Birds of a Feather


With the arrival of spring, city bird-watchers can catch glimpses of thrushes, warblers, perhaps even a pileated woodpecker. Yet you needn’t be an Audubon Society member to enjoy some of the season’s choicest sights. March offers anticipated productions by seven of New York’s finest emerging playwrights. Dramas, comedies, musicals, solo performances—these works run the stylistic gamut. The subjects (boxing, depression, VH1, genetic inheritance, tabloid journalism) vary just as widely. Some writers prize language, others character, still others the superlative one-liner. But these distinctions aside, the playwrights are all indelibly contemporary. To aid in the identification of these fresh talents, we offer a field guide. Binoculars not required.

Will Eno [age 39]

HABITAT Thom Pain (based on nothing)

DR2 Theatre, 103 East 15th Street


HABITS Formal experimentation, emphasis on revision, quotability

IDENTIFICATION Eno, who occasionally cat-sits for Edward Albee, describes his characters as sharing his own tendency to “want to say something and then having said it, wanting to change it slightly or turn away from it—a desire to put myself into language and a fear or disgust resulting.” And yet anyone who’s seen Thom Pain would find his command of language extraordinary, each line honed to knifepoint precision, invoking both Beckettian despair and Albee-esque linguistic clowning.

Gina Gionfriddo [age 35]

HABITAT After Ashley

Vineyard Theatre, 108 East 15th Street


HABITS Blending realism with satire, hipster repartee

IDENTIFICATION When Gionfriddo begins a new play, she tends to start with a moral dilemma or an ethical dilemma that she’s conflicted about “and from there characters present themselves.” After Ashley began with an examination of the media response to September 11, but soon switched to an acerbic account of one family’s tragedy and its televised exploitation. While Gionfriddo’s targets—mediatization, violence, the grief industry—may appear obvious, the way she takes aim at them is subtle and bitterly funny.

Rinne Groff [age 35]


Julia Miles Theater, 424 West 55th Street


HABITS Passion for dialect and jargon, female protagonists “trying to stave off despair”

IDENTIFICATION Groff, a veteran of E.R.S. and Target Margin, describes herself as “kind of a research junkie. Often the process for me is just reading, reading, reading until something comes.” Her current play proves no exception. It grew out of an interest in the poetry of Muhammad Ali, which led her to study boxing, female violence, nanny crime, and Medea. The result: a play in 15 rounds in which a yuppie couple find themselves saddled with an Ali-obsessed au pair.

Young Jean Lee [age 30]


P.S.122, 150 First Avenue


HABITS Fascination with awkwardness, minimal settings, transparent acting

IDENTIFICATION Lee, who performs with the National Theatre of the United States of America, continues her untraditional approach to stagecraft. This premiere grew out of a “really crazy text that was very clearly the result of a diseased mind and not remotely resembling a play.” While the subject matter remains mysterious, Lee will reveal that it is a meditation on how to live. She says, “I wanted to make a sort of serious and depressing show and I couldn’t do it. It ended up being really retarded and funny.”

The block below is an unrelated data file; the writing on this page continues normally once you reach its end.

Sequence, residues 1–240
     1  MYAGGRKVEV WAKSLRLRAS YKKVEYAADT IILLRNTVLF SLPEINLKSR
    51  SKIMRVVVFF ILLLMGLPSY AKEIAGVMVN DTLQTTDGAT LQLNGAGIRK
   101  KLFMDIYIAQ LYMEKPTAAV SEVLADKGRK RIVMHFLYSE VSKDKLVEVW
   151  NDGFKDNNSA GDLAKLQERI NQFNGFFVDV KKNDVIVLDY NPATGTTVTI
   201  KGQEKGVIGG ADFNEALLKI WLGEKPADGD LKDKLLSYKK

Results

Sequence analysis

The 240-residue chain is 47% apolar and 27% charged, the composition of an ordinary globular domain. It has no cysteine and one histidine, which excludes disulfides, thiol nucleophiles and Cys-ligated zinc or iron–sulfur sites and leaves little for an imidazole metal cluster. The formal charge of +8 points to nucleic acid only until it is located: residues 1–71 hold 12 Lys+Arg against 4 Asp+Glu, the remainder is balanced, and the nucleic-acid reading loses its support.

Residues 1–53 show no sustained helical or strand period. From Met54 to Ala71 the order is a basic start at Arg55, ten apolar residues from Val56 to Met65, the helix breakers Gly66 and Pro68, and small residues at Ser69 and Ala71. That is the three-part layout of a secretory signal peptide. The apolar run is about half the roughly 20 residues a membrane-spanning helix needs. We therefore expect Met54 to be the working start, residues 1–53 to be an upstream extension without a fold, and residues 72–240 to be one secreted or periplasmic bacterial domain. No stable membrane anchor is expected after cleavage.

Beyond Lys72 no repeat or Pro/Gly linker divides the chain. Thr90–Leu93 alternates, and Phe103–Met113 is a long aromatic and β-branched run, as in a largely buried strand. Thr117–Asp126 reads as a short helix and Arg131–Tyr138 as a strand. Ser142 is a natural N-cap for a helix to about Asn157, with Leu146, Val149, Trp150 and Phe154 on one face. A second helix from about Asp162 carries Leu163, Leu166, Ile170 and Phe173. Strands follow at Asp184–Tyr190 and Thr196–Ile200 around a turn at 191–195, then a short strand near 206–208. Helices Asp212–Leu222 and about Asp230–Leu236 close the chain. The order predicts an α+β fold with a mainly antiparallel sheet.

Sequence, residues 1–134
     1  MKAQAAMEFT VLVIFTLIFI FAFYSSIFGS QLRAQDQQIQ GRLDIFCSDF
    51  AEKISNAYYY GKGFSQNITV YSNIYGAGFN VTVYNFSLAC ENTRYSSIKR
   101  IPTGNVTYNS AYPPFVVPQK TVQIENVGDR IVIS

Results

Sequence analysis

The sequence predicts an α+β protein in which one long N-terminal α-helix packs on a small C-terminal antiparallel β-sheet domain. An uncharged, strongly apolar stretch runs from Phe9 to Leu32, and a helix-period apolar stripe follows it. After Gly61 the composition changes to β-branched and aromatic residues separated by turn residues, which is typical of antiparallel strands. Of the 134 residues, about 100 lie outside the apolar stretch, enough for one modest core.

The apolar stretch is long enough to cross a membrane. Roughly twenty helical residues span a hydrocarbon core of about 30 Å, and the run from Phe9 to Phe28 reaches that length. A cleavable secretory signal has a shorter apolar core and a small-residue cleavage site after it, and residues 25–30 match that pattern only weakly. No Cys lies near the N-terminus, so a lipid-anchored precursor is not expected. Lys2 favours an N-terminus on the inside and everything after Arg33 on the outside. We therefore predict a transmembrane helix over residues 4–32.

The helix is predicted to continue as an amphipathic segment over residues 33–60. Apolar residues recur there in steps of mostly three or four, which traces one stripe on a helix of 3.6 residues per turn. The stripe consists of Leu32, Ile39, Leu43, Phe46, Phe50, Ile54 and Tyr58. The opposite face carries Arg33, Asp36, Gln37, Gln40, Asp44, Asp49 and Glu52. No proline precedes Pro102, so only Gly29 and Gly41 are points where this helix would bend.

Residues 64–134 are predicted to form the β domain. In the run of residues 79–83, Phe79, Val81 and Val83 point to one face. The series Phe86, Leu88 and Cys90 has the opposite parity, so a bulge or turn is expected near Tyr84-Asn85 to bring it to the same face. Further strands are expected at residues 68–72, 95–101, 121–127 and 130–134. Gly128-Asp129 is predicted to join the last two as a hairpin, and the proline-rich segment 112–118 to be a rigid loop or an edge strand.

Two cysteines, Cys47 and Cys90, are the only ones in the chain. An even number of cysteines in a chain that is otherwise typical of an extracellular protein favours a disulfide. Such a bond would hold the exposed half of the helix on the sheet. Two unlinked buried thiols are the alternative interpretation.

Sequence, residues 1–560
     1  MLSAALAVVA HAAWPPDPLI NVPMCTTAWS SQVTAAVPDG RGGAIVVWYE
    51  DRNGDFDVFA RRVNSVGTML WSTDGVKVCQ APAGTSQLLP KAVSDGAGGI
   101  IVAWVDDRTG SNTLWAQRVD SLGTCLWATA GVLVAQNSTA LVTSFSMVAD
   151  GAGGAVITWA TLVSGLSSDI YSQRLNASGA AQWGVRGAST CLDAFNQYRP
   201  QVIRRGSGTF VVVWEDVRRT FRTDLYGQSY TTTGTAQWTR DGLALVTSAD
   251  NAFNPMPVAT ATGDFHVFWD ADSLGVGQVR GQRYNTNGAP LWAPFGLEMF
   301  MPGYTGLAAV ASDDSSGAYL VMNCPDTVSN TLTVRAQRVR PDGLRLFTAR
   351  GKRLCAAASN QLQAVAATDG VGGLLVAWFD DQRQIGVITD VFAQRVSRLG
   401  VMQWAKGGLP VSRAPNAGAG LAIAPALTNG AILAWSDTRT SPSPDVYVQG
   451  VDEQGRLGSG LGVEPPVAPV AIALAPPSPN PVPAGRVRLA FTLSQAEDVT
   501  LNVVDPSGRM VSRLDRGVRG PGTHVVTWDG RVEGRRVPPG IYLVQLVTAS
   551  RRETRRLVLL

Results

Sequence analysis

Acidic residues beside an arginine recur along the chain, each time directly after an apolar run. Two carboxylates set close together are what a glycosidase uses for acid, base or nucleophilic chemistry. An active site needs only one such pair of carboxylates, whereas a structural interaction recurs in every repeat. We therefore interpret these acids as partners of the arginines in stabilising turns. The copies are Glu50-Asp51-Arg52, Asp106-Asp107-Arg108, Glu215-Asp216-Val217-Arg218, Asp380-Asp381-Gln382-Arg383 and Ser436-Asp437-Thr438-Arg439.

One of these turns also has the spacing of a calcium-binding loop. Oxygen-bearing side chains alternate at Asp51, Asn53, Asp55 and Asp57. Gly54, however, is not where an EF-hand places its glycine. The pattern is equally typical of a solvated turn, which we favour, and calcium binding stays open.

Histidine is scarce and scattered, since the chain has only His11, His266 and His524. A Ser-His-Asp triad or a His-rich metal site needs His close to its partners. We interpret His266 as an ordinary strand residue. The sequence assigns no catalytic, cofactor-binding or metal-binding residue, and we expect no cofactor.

Kyle Jarrow [age 25]

HABITAT Gorilla Man

P.S.122, 150 First Avenue


HABITS Pop rock scores, irony so thick it’s spoon edible, unexpected tenderness

IDENTIFICATION Jarrow’s new musical concerns a boy’s fur-covered discovery of his heritage. “It’s a little bit based on Candide,” says Jarrow. His plays mix macabre humor with a surprising concern for the emotional lives of his characters. He also doesn’t shy away from the occasional shock tactics: a power saw in Armless, coke-snorting U.S. presidents, a chorus of children intoning the virtues of Scientology. “When people go to see a show of mine there’s going to be a visceral reaction,” says Jarrow. “They’re getting a little bit punched in the gut. But in a good way. A punch that feels good.”

Christopher Shinn [age 29]

HABITAT On the Mountain

Playwrights Horizons, 416 West 42nd Street


HABITS Emotional peril, prolix characters, social critique

IDENTIFICATION Shinn says his plays often begin with a dialectic (e.g., is depression biological or cultural?) that allows him to approach something personally troubling that he doesn’t want to face immediately. “The debate gets channeled through my thinking brain and my heart and my soul,” he says, “and ideally it ends up being very well integrated in a play that speaks truthfully to the individual characters’ experiences.” In On the Mountain, the narrative of a drug casualty rock star and a lost song serves as a blind to the play’s real concerns, an extraordinary mother-daughter relationship and a debate over the causes of depression.

Marc Spitz [age 35]

HABITAT The Name of This Play Is Talking Heads

Under St. Marks, 94 St. Marks Place


HABITS Broad farce, female sexual predators, best scene-change music ever

IDENTIFICATION When not writing plays (or last year’s novel How Soon Is Never?), Spitz contributes features to Spin and his rock journalism infuses all of his stage work. Each piece takes its title from a song or album; aspects of the music industry are frequently satirized. This latest comedy recounts a pop critic’s undoing when he participates in VH1’s Top 100 Most Rockatrocious Moments in Rock History. Also typical: “There’s always a gun and there’s always some kind of sexual awkwardness.”

photos: Eno: Brian Kennedy; Gionfriddo: Peter Hocking; Jarrow, Lee: Richard Kornberg Publicity; Groff, Shin: TamTamara Rosenblum; Spitz: Publicity Outfitters

This article from the Village Voice Archive was posted on March 1, 2005

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